UVM’s Transportation Footprint – Big Impacts, Great Potential but Stalled Progress – By Richard Watts

The University of Vermont has a huge positive impact on the Vermont economy, above $1.3 billion according to a recent report. Jobs, economic activity and scientific innovations are documented outcomes of the state’s flagship university. The University could also play a leading role in reducing our state’s transportation environmental footprint, and increasing options for regular Vermonters.

UVM has made important steps — but progress has stalled. Here I present some recent survey data on UVM’s transportation footprint, arguing for several research-based initiatives to take this work to the next level, benefitting faculty, staff, students, area neighborhoods and the state’s citizens.

Perhaps the biggest obstacle to reducing our transportation carbon footprint is the number of people who drive alone to work every day.  Switching these drivers to other modes, can sharply reduce cars on the road, and create new advocates and systems for walking, cycling and ride-sharing.

Yet, encouraging people to drive less is a challenge. For example at UVM, more than 2000 faculty and staff drive alone to campus every day.

This number dropped between 2003 and 2010 – but for the last six years has been relatively flat at between 59% and 53% of all employees driving alone to campus each day. Parking spaces have remained constant at around 5,200. We have made some progress but can do better.

Students, on the other hand, have sharply reduced their car use over the last ten years. Walking, cycling and riding the bus are all increasing. Even those students who “commute” to campus from further distances are driving far less than their employee counterparts. Unlike faculty and staff, progress has remained constant, with very small fractions of students driving alone.

UVM has extremely progressive transportation policies in place — parking fees are based on salary, the bus system is completely free and small incentives are offered to bikers and walkers.  (Note, top wage earners are capped at about $90 a month).

These policies benefit the local transit system, providing revenues and riders that help grow transit routes. More riders equals more frequent service and more stops, creating a positive feedback loop, adding options for all users. In 2016, for example, UVM paid the local bus system more than $330,000 to provide rides for student and employees. But this number dropped from the year before and is at a four year low.

UVM’s positive impact can also be felt in other ways. For example, CarShare Vermont – an effective organization in reducing car use – has more than one-third of the organizations’ riders and revenues come through UVM.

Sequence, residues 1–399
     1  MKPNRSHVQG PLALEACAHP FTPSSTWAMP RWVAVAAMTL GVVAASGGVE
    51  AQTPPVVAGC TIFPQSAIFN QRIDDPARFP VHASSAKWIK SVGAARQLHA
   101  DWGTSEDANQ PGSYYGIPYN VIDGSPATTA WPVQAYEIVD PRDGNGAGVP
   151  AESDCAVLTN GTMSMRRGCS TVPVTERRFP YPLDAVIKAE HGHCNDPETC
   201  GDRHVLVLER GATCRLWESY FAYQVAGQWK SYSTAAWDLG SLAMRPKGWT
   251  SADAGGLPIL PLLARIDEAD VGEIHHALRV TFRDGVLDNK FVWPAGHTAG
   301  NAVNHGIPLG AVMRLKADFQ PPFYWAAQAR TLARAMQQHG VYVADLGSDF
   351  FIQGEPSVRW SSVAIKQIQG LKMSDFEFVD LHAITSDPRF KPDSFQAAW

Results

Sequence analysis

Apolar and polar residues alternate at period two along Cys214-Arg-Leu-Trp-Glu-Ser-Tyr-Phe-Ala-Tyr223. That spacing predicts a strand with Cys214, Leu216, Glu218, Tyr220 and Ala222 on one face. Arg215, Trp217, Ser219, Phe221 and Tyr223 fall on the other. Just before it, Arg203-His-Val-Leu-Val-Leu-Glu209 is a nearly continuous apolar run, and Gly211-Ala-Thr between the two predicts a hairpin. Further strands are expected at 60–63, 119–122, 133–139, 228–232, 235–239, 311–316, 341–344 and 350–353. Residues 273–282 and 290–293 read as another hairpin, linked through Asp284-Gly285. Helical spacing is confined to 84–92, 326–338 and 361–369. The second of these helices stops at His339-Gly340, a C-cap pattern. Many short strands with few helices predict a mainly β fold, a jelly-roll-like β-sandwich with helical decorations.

But progress has stalled because the university has not taken the next step. Bus ridership is down ten percent and essentially the same as it was four years ago. Diving alone remains above 50%. And car-pooling is flat. Parking fees have not increased in ten years and available parking remains plentiful.

At the same time, the university’s “active transportation plan,” first presented to stakeholders in the spring of 2015 has not yet been approved – a plan that might improve on campus pedestrian and cycling infrastructure. The University lacks basic cycle improvements, such as covered bike parking.

Here are five research-based initiatives UVM could implement that would have immediate impacts:

  1. Increase the fees (the percent) that faculty and staff pay to park and plow the funds directly into increased alternatives and options. (And yes, any such policy should thoughtfully address those who do need to drive to campus, who lack real options or to whom this would be a hardship).
  2. Increase direct subsidies and preferential parking to faculty and staff who carpool.
  3. Provide a clear signal that slight flexibility in work hours is OK to meet bus or carpool schedules.
  4. Reduce central campus parking and invest in campus infrastructure that promotes cycling and walking and discentivize motorized transportation.
  5. Invest in clear and direct marketing to faculty and staff documenting cost-savings of reduced car use –targeted mailings to those near existing bus routes, for example. (The CATMA survey research shows that more than two-thirds of the employees who don’t drive cite cost savings as a prime reason. Surveys we conducted last spring show most employees don’t know how much they pay to park).

UVM has the potential to have a tremendous positive impact on transportation patterns in the region. We’ve started in that direction. The professionals in charge are working diligently and thoughtfully. But, at the end of the day it will take leadership from the President and Provost to make the tough decisions needed to truly change the status quo. Whether that will happen remains to be seen.

Some References

D. A. Hensher and J. King, Parking demand and responsiveness to supply, pricing and location in the Sydney central business district, Transportation Research Part A: Policy and Practice, vol. 35, no. 3, pp. 177, 196; 2001.

A  J. Brown, D. B. Hess, and B. Shoup, Unlimited Access and The University of California, The University of California Transportation Center, 525, 2001.

J. Balsas, Sustainable transportation planning on college campuses, Transport Policy, vol. 10, no. 1, pp. 49, 2003.

B. Dorsey, Mass transit trends and the role of unlimited access in transportation demand management, Journal of Transport Geography, vol. 13, no. 3, pp. 235, 246, Sep. 2005.

CATMA Overview, Highlights and Data Report, December 1, 2016 Ward 6 meeting. Champlain College Aiken Building.

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